The merger appears to let Whole Foods continue its current operations and programs.
Aaron Daly, Whole Foods (left) receving Accelerate America award from Marc Chasserot, shecco, at ATMOsphere America
In a move with far-reaching implications for the U.S. grocery business, online retail pioneer Amazon and organic grocery chain Whole Foods Market announced Friday that they have entered into a definitive merger agreement under which Seattle-based Amazon will acquire Whole Foods for about $13.7 billion. The parties expect to close the transaction during the second half of 2017.
The merger signals Amazon’s intention to expand its Amazon Fresh grocery operation from a mostly online business to something that could include in-store pick-up at Whole Foods’ more than 460 locations in the U.S., Canada and the U.K. In Seattle, Amazon recently opened two of its own drive-through grocery pickup locations for Amazon Fresh customers.
But the merger also raises question about its impact on Whole Foods’ ongoing operation, including environmental initiatives like tests of natural refrigerant in a growing number of stores.
Last week, at the ATMOsphere America 2017 conference in San Diego, Calif., Accelerate America magazine presented Whole Foods with a best-in-sector award in the food retail category for its myriad natural refrigerant pilots, including 10 stores with transcritical CO2 systems, one with ammonia/CO2 cascade and one with propane/CO2 cascade, as well as more than 50 stores with at least one propane self-contained case (shecco produces ATMOsphere America and Accelerate America as well as this website).
Tristam Coffin, director of sustainability and facilities at Whole Foods Market, said at ATMOsphere America that the company has 15-30 stores per year “in development” with natural refrigerant-based systems, adding: “We see the greatest opportunities in retrofits.”
“This partnership presents an opportunity to maximize value for Whole Foods Market’s shareholders, while at the same time extending our mission and bringing the highest quality, experience, convenience and innovation to our customers."
– John Mackey, Whole Foods Market
The merger announcement suggested that Whole Foods would maintain its current operations as before, saying the chain “will continue to operate stores under the Whole Foods Market brand and source from trusted vendors and partners around the world.” John Mackey will remain as CEO of Whole Foods Market, and the company’s headquarters will remain in Austin, Texas.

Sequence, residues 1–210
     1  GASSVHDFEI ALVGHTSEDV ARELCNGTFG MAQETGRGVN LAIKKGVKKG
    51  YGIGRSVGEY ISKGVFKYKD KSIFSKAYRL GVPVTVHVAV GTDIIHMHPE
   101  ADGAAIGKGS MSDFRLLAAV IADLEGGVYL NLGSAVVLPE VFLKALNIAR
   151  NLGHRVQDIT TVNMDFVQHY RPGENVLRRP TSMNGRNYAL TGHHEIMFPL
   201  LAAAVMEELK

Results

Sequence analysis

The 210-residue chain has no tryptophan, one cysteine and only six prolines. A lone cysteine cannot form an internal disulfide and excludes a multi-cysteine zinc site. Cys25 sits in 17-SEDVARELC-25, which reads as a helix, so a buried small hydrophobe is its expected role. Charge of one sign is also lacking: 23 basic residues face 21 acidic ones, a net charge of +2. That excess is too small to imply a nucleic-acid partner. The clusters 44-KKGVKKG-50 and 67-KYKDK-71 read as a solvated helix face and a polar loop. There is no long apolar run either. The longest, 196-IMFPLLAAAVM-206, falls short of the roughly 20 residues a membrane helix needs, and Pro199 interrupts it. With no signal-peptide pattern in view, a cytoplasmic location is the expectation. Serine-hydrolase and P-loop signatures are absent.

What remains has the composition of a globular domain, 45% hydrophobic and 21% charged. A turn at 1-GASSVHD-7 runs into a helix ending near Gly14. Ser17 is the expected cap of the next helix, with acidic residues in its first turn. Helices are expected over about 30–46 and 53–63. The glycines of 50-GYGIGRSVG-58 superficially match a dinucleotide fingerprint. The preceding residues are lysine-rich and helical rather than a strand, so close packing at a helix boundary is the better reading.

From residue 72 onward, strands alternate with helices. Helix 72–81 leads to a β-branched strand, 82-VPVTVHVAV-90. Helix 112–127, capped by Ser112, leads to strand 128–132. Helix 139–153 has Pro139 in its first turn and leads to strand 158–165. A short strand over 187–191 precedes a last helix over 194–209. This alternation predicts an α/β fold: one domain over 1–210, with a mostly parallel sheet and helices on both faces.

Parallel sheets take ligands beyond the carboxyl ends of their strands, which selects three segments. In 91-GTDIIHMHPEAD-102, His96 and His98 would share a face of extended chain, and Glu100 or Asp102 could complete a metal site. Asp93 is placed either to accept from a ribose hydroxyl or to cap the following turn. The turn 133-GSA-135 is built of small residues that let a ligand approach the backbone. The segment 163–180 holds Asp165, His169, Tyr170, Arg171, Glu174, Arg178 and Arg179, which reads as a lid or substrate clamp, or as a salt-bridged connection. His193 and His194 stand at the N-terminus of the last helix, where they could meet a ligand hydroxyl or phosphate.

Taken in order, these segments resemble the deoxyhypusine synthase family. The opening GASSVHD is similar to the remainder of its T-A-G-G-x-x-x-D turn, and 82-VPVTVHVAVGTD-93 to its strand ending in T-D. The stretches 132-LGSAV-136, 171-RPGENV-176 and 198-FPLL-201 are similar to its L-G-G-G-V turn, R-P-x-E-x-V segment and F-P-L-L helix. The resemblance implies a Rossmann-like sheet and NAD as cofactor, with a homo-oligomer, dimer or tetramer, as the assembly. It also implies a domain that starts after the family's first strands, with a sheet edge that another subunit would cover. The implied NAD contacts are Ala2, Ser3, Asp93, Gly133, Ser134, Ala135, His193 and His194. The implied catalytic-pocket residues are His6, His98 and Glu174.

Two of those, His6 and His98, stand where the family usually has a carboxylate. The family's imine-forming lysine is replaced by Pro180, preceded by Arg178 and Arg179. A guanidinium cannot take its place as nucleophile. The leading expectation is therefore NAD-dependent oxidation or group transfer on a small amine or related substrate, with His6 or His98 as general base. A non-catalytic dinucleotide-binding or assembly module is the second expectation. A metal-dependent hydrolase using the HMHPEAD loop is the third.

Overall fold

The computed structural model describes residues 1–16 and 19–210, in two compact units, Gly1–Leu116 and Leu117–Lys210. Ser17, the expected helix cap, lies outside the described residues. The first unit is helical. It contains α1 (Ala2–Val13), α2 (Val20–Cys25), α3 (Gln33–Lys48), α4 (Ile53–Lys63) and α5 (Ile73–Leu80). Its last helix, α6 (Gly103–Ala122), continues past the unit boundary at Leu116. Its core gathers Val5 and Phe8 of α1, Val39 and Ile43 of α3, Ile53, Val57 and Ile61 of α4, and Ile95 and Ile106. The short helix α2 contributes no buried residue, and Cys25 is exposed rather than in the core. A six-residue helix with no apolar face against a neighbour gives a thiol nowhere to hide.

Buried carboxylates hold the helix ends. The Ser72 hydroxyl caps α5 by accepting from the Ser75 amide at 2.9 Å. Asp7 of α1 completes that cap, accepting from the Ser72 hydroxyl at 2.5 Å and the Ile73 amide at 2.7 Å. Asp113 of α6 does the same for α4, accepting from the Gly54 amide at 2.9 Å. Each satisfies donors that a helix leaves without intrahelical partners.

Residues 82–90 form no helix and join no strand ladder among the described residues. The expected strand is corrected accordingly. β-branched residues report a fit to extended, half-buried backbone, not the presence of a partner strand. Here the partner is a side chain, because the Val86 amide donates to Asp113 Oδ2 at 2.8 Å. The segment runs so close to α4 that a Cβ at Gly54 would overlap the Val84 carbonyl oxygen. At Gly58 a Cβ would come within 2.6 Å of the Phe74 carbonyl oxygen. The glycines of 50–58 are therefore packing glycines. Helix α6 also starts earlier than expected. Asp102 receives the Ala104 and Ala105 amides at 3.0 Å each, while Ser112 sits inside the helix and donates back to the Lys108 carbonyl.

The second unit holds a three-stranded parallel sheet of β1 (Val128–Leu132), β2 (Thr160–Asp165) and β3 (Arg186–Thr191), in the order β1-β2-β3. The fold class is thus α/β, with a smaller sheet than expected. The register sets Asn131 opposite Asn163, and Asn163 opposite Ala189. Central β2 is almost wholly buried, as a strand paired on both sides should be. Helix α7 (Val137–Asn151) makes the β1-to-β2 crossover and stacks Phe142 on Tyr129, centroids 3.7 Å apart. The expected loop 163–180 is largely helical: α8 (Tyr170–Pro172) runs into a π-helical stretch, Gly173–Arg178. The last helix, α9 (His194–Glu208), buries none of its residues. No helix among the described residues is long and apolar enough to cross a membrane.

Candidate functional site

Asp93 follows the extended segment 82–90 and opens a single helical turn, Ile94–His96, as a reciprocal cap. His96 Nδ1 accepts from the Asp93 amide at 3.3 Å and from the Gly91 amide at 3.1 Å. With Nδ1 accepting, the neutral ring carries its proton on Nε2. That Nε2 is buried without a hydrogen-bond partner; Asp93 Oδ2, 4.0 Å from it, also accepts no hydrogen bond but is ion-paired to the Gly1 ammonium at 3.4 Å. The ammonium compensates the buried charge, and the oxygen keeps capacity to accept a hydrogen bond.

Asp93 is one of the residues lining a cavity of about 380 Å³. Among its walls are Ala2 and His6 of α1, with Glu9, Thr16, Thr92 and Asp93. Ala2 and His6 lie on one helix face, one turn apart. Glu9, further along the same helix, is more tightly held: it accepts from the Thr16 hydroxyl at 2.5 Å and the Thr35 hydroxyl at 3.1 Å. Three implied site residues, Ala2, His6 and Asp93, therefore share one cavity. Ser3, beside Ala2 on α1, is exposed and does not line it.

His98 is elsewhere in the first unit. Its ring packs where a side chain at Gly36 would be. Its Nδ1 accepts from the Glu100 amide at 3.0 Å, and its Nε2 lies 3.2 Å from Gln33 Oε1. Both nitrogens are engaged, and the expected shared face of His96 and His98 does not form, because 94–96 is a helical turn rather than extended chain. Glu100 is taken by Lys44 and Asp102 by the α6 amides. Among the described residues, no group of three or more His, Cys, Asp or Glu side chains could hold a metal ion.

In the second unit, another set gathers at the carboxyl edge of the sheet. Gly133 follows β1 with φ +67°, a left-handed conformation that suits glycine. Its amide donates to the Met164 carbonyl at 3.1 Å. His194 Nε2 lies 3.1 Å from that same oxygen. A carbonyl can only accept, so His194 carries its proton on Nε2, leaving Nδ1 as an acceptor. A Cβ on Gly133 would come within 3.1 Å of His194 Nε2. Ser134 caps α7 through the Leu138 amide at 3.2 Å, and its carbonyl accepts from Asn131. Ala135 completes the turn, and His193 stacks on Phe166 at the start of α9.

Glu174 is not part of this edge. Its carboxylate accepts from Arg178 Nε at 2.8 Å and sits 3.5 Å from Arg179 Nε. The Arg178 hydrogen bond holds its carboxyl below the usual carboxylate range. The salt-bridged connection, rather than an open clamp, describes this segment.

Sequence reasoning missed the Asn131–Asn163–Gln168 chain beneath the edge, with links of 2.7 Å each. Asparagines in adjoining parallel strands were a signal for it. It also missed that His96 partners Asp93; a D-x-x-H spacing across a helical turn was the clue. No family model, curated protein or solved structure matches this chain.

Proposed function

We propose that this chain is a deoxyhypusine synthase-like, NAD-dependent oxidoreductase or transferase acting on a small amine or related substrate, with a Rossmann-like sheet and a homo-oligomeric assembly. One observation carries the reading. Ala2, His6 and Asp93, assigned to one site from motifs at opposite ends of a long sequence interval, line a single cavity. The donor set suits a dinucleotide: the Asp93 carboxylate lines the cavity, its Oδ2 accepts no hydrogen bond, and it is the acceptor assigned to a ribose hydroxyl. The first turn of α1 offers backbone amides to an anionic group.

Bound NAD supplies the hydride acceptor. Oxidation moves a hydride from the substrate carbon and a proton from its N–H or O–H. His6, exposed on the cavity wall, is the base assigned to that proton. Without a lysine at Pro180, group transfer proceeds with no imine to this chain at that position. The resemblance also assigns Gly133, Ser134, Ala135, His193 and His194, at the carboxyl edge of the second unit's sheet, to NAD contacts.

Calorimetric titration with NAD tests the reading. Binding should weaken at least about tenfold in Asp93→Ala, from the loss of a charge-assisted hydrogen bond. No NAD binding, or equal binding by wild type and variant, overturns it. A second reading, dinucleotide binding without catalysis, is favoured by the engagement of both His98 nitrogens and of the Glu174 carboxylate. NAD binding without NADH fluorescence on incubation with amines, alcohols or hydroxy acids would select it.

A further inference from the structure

“This partnership presents an opportunity to maximize value for Whole Foods Market’s shareholders, while at the same time extending our mission and bringing the highest quality, experience, convenience and innovation to our customers,” Mackey said in the announcement.
Whole Foods declined to comment on the record about the impact of the merger on company’s environmental initiatives. However, “if they truly keep Whole Foods Market as a separate division and Mackey in place as they say they will, they'd presumably maintain whatever [environmental] stances they already had,” said Jon Springer, retail editor for Supermarket News.
On its own, Amazon has been pursuing a number of environmental initiatives in recent years. For example, Amazon will host solar energy systems on 15 fulfillment facility rooftops across the US, with the capacity to generate 41 MW of power. Amazon additionally has set a goal to host solar energy systems at 50 fulfillment network buildings by 2020.
In September 2016, the company announced Amazon Wind Farm Texas, its largest wind farm to date – a new 253 MW wind farm that will generate 1 million MWh of wind energy annually.
In April 2016, Amazon joined Apple, Google, and Microsoft in filing a legal brief that supports the continued implementation of the U.S. Environmental Protection Agency’s Clean Power Plan. Amazon has also joined those companies in declaring they would adhere to the Paris Climate Accord despite the Trump administration’s recent move to withdraw from the agreement.
In the HVAC arena, Amazon's newest buildings in the Denny Triangle area of Seattle are heated with recycled energy from a nearby non-Amazon data center. This "district energy" system works by capturing heat generated at the Westin Building data center and recycling the heat through underground water pipes instead of venting it into the atmosphere. This approach is nearly four times more efficient than traditional heating methods, according to Amazon, and will also enable the data center to cut back on the energy it uses to cool its building.